Orhan Mutlu and John Savage stood on a balcony above the Bosphorus on the Asian side when Elif’s fear reached out for them over the water.
“The future of Turkey lies in Asia.” Orhan’s hand rested on the grip of his holstered pistol. “We should stick with the winners.”
“Istanbul grew up European,” Savage said. “Look where it started.”
Shrieking seagulls circled over the white-capped waves. A rust- streaked bulk-carrier, holds piled high with Ukrainian grain, steamed past the Golden Horn. On the European side, the morning sun painted pink the domes, minarets, palaces, and towers of the Old City of Istanbul, still girt by the walls of the Roman Emperor Theodosius. Out to sea, a vast military vessel steamed towards the city, flanked by two destroyers bristling with weaponry.
“Look at that aircraft carrier,” the burly Turk said. “The Gerald R Ford. The United States of America bringing one hundred thousand tons of its most concentrated killing power into the heart of Istanbul. Outside powers always try to dominate Turkey. But we are fighting back. As you know, to your cost.”
“I don’t want to dominate your bloody sister.” The sun shone hot on Savage’s neck. “What fool would even try?”
“A Turkish woman is a match for any man. Except for a Turk.” Orhan squared his shoulders.
“Elif and I were together. Now we are apart. End of story.”
“She will do better without you.”
Savage wiped a trickle of sweat from his forehead. Across the water, Elif would be in her tunnel, excavating ancient relics. On site she wore shorts and a baggy shirt, her hair tangled, her bare calves flecked with sweat and dust. He smiled as the tune to Sam Cooke’s Working on a Chain Gang came into his head.
“She is racing to find the famous Palladium,” Orhan went on. “Arzu Pasha has threatened to bury her in concrete.”
“The Palladium is a Greek myth. Elif told that US journalist she would be more likely to find Achilles down in a catacomb, polishing his sword.”
“You imperialist powers pretend arguments are won by logic. In reality, strength decides everything.” Without warning, Orhan slapped Savage on the back. “That is why tonight, we shall teach you a lesson you will never forget.”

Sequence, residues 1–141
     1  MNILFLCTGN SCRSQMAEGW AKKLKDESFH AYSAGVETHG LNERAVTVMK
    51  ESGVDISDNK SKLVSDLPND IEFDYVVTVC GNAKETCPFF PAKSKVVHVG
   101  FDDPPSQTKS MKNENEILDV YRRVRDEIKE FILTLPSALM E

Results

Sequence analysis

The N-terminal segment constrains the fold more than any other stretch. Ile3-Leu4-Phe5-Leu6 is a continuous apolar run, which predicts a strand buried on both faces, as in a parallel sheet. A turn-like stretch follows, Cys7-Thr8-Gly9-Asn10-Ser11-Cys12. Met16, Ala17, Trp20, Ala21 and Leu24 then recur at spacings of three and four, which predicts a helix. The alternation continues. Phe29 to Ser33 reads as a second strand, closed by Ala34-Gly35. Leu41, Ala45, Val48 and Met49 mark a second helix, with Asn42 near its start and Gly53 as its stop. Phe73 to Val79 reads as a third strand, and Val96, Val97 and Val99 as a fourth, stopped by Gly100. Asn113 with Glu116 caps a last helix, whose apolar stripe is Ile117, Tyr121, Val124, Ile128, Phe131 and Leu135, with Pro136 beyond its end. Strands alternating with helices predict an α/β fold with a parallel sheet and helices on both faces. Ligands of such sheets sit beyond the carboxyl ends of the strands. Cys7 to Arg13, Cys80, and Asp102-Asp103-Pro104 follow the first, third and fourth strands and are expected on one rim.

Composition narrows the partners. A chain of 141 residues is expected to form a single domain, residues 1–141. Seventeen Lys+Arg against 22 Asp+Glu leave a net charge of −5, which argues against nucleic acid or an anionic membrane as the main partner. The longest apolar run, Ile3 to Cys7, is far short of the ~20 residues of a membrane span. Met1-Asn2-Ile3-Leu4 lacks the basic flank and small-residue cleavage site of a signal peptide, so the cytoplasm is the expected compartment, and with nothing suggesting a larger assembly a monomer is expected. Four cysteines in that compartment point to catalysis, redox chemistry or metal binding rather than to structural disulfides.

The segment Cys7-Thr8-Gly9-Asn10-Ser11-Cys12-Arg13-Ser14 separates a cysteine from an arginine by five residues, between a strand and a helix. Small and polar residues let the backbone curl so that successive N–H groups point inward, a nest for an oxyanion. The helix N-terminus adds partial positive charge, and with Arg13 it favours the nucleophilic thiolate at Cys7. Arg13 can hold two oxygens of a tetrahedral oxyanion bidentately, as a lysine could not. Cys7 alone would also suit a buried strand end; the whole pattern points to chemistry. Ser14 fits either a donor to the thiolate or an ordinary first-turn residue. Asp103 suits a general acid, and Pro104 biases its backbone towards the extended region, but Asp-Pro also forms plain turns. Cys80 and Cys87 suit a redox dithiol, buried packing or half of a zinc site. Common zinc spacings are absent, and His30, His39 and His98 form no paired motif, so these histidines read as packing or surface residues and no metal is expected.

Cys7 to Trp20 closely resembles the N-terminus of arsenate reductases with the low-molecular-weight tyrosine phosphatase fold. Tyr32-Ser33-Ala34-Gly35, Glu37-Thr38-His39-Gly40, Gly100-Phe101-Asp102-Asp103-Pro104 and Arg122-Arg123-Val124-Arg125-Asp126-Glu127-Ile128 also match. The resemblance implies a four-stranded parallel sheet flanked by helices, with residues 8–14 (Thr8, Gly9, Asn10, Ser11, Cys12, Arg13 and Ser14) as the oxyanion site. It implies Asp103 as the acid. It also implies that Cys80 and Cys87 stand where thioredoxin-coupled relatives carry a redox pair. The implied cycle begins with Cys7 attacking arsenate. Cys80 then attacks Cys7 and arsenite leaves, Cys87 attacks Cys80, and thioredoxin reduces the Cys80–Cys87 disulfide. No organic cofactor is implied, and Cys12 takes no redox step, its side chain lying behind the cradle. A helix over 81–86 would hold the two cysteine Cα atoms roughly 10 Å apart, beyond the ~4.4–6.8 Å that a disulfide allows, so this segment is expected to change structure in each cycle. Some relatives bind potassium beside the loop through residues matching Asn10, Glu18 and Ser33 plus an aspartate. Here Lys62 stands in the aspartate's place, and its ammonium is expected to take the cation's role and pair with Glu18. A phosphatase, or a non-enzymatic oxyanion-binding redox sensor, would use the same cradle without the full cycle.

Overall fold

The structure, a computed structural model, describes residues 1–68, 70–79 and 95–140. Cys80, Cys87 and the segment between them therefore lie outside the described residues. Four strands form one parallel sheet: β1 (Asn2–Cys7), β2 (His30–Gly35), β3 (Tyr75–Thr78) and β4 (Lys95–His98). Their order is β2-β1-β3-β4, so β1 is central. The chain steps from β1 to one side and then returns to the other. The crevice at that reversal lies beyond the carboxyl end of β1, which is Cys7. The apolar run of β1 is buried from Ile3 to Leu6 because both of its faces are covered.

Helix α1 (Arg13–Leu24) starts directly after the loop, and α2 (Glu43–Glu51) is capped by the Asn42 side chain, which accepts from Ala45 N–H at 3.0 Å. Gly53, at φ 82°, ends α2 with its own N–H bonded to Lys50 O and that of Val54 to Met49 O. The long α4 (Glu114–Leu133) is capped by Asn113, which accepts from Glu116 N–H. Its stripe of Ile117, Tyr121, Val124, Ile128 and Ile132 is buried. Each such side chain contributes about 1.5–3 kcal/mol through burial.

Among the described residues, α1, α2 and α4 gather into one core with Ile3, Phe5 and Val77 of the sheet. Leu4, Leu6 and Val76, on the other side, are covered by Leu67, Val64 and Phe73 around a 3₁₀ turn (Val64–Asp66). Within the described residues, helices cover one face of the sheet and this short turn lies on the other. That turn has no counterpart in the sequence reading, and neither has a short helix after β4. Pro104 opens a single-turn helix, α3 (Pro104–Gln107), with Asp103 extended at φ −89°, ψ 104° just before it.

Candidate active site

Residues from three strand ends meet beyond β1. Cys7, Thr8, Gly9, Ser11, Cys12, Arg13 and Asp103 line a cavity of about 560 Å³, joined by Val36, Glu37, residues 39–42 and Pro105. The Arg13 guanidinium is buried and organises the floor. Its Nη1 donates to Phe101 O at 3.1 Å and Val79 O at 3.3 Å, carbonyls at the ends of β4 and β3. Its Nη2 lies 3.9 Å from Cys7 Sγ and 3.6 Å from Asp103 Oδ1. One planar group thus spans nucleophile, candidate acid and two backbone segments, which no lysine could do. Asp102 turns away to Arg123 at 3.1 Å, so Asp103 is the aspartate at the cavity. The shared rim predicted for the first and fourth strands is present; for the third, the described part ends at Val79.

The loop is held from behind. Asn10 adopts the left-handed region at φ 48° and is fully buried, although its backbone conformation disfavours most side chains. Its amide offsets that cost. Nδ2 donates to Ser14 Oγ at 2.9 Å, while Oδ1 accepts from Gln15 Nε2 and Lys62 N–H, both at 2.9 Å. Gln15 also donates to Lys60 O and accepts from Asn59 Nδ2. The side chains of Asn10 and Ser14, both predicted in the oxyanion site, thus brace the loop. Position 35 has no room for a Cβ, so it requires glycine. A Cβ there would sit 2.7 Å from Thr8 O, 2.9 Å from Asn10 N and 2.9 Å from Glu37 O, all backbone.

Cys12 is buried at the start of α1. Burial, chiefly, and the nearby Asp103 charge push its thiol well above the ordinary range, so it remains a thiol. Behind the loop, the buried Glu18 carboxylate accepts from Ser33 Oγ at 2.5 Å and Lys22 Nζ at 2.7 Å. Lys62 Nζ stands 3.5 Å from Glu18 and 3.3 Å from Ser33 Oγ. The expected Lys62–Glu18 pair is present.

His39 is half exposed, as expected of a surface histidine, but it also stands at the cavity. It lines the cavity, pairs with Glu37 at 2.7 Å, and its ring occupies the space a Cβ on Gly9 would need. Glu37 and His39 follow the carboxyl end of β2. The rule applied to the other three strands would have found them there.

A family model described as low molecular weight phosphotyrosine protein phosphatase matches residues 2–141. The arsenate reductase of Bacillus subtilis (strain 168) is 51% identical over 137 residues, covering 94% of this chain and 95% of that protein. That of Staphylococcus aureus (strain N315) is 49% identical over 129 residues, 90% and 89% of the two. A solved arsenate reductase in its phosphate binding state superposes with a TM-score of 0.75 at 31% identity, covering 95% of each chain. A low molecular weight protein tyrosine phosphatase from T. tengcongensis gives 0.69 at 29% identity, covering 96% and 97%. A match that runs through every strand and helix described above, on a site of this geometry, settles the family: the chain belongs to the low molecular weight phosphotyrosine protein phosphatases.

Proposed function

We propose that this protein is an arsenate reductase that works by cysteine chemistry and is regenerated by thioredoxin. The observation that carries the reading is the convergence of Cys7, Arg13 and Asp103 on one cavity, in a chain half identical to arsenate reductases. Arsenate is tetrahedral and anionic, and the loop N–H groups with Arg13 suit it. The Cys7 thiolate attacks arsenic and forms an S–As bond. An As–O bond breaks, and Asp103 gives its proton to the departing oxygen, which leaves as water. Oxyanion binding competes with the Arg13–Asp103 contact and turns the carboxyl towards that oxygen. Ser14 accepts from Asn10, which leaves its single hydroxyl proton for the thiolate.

Savage whirled round and seized the Turk’s wrist. “Don’t hit me.”
Orhan stepped back, cradling his arm. “Elif told me you were crazy. I was only talking about the soccer.”
Inside the room, two managers faced a battery of TV cameras.
“We expect two thousand fans for tonight’s game,” the Liverpool boss said. “I know the Turkish police will keep them safe.”
Orhan shook his head. “Still no news of terrorist threats from your secret channels?” he said to Savage. “Or are you keeping the best stuff for yourself, as usual? Excuse me.” He pulled out his phone.
“What is it?” Savage said
“It is a message from Elif. I must go.” Orhan signalled to his deputy, who was watching the press conference with a sour expression. “Call me if anything comes up. My sister needs me.”
“Show me.” Savage tried to grab the phone, but the intelligence cop shook him off and strode towards the exit.
“Nothing frightens Elif,” Orhan said. “Something nasty must have happened.”
Savage stepped beyond the Turk, his body braced in the doorway. “You want to leave? Show me the bloody text.”
Orhan’s eyes narrowed. “You really are a psycho.” He held up the screen.
Come quickly. Elif’s text was in Turkish. I am afraid.
Savage looked up to meet Orhan’s dark gaze. “I’m going too,” he said.
“Oh, yes? I thought you had Liverpool supporters to look after?”
“Elif needs help,” Savage said. “I don’t trust you to protect her.”
The commander, Yusuf, led his men in single file along the hidden path through the darkness. All along the land-walls of Byzantium, from the Blachernae palace to the north, past the Mesoteichion, down to the Golden Gate and the Marble Tower where the stone ramparts plunged into the Sea of Marmara, tens of thousands of bashi-bazouks fought their way up the mounds of rubble beneath the battered walls.
High on the battlements, Genoese and Venetian archers rained arrows and crossbow bolts on the attackers. Catapults hurled jagged rocks into the massed ranks of the advancing troops. Yet still the bashi-bazouks trudged on up the ramp of broken stone, adding their bodies to those over which they climbed. As men fell dead, more rushed forward to fill their places, shields held over their heads, drawing the defenders’ fire down on themselves.
Further back, out of range, the main force of the Sultan’s crack Janissary regiments massed in the darkness, harbouring their strength for the final assault at dawn. Yusuf’s friend, Hasan, waited with them – a giant of a man, and a master of satranç, the game of tactics also known as chess. Hasan had sworn to win the Sultan’s prize for the first soldier to penetrate the stockade and plant the Ottoman colours within the city.
Around the sea-walls too, the Sultan’s fleets fought their way towards the shore, harassing the defenders, firing cannon, and landing troops to divert the city’s defenders from the land assault.
But unless Yusuf succeeded in his mission, all these attempts to penetrate the city would fail; and Hasan, and every other soldier in the Sultan’s vast army, would go unrewarded.
Yusuf lifted his arm, one finger raised.
One finger meant move ahead, in silence. A fist, stop. An arm thrown forward, an all-out assault.
Like Yusuf, the eleven Janissaries in his team uttered no battle cries. Their feet and armour were wrapped in cloth, their bright Venetian blades greased and sheathed. They moved like wraiths across the marshy ground through the shadows at the foot of the walls.
Together, they turned north towards the tumult of the assault.